One in three patients aged 70 and older who are independent in their daily functioning and are hospitalized for illnesses, are discharged from the hospital with a decline in functioning;and around one in two report this functional decline a month after their discharge, according to a new study conducted by researchers Anna Zisberg and Dr. Efrat Shadmi from the Cheryl Spencer Department of Nursing, University of Haifa, which was recently published in the Journal of the American Geriatrics Society.
The expectation of a person who is hospitalized in an internal medicine ward is to be discharged and to return to their normal functioning. “When a man of 78, who was able to walk, go to the bathroom, and eat independently before the hospitalization, is admitted for three or four days to be treated for arrhythmia, there is no apparent explanation for why, after his condition is treated, he should become dependent, need a cane to walk, and require adult diapers,” says Dr. Zisberg. But from studies conducted around the world, it seems that this is exactly what happens to many people over age 70.
As a result, the researchers, together with Dr. Nurit Gur-Yaish of the Gerontology research center, research student Orly Tonkikh, and Dr. Gary Sinoff of the Department of Gerontology, Faculty of Social Welfare and Health Sciences at the University of Haifa, sought to determine what is it about the hospitalization that was causing decline in older adults’ functioning.
The study was conducted in cooperation with Dr. Hanna Admi, nursing director at Rambam Medical Center, and Dr. Chen Shapira and Haya Peker, the director and nursing director, respectively, of Carmel Medical Center. Participants included about 900 people aged 70 or older who were hospitalized in the internal medicine departments of both hospitals for illnesses that were not associated with loss of functioning (for example, they did not undergo surgery or suffer paralysis).
“We were interested in what happens during the hospitalization that causes people who were independent to experience declines in their basic functioning,” says Dr. Shadmi. The findings showed that one of the main factors leading to functional decline among older hospitalized patients was their reduced mobility while in the hospital. According to the researchers, patients often mistakenly think that if they’re sick, they ought to be in bed, and around half of the patients didn’t leave their rooms during their entire hospital stay. “Lack of mobility leads to reduced muscle mass and is liable to cause older people difficulty in daily functioning and other complications,” says Dr. Zisberg.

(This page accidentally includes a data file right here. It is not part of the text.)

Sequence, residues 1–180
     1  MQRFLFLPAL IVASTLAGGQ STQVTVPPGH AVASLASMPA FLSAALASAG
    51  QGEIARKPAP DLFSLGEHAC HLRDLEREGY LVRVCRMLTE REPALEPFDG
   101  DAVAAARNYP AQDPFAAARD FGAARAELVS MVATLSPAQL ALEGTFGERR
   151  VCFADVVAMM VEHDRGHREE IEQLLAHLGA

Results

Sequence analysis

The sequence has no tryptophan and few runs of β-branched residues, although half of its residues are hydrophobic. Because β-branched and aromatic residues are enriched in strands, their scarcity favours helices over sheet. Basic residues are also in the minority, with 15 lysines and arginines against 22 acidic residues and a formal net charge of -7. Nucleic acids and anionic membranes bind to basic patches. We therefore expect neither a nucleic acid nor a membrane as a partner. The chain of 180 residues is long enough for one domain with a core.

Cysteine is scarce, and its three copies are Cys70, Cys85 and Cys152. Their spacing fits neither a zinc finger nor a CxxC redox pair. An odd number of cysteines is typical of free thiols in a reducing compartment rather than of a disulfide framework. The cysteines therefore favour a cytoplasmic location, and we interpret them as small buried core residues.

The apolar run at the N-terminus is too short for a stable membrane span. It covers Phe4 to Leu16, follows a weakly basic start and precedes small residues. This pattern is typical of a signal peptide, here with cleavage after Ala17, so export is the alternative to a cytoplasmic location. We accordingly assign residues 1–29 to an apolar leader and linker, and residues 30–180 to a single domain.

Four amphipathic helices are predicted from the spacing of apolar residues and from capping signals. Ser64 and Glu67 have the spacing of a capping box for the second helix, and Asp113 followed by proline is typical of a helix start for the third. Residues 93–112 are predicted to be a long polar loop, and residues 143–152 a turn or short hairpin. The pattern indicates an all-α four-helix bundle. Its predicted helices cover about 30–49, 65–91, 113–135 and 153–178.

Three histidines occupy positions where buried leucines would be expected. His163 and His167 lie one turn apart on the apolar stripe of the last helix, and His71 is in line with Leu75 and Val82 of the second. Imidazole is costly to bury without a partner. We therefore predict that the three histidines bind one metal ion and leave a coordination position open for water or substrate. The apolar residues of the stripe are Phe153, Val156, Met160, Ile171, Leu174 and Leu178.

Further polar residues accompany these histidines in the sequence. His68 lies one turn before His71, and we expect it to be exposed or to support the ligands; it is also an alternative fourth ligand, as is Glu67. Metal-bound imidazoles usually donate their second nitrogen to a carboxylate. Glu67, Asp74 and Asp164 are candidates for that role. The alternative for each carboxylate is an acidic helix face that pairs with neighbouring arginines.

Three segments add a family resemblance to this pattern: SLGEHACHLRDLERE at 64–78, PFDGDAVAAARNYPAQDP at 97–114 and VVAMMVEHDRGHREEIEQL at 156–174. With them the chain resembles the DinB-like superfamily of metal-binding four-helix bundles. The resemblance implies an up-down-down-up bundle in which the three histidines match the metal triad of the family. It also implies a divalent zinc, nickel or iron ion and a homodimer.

Other factors found to be significantly associated with post-hospitalization functional decline was the unnecessary use of catheters or adult diapers for urination, use of sleep medications (either new use of sleep medications or cessation of pre-hospitalization routine use of sleep medications), and inadequate nutrition. On average, study participants reported consuming only 60% of the recommended daily calories during their hospitalization.
According to the researchers, the most important recommendation is to encourage the patient to stay mobile while hospitalized, even if it means walking through the corridors or around the room. “Sometimes we want to help a patient and do things for him/her,” says Dr. Zisberg. “But if we really want to help, it’s best to encourage the patient to be as independent as possible. Moreover, it’s important for the patient to maintain as full and balanced a diet as feasible, to facilitate the body’s optimal recovery processes.”
“Post-hospitalization functional decline has been extensively shown to affect a broad range of adverse outcomes, including institutional care, falls, decreased quality of life and even death,” the researchers say. “Identification of a comprehensive set of in-hospital risk factors that may be amenable to change has important implications for the prevention of such deleterious effects.”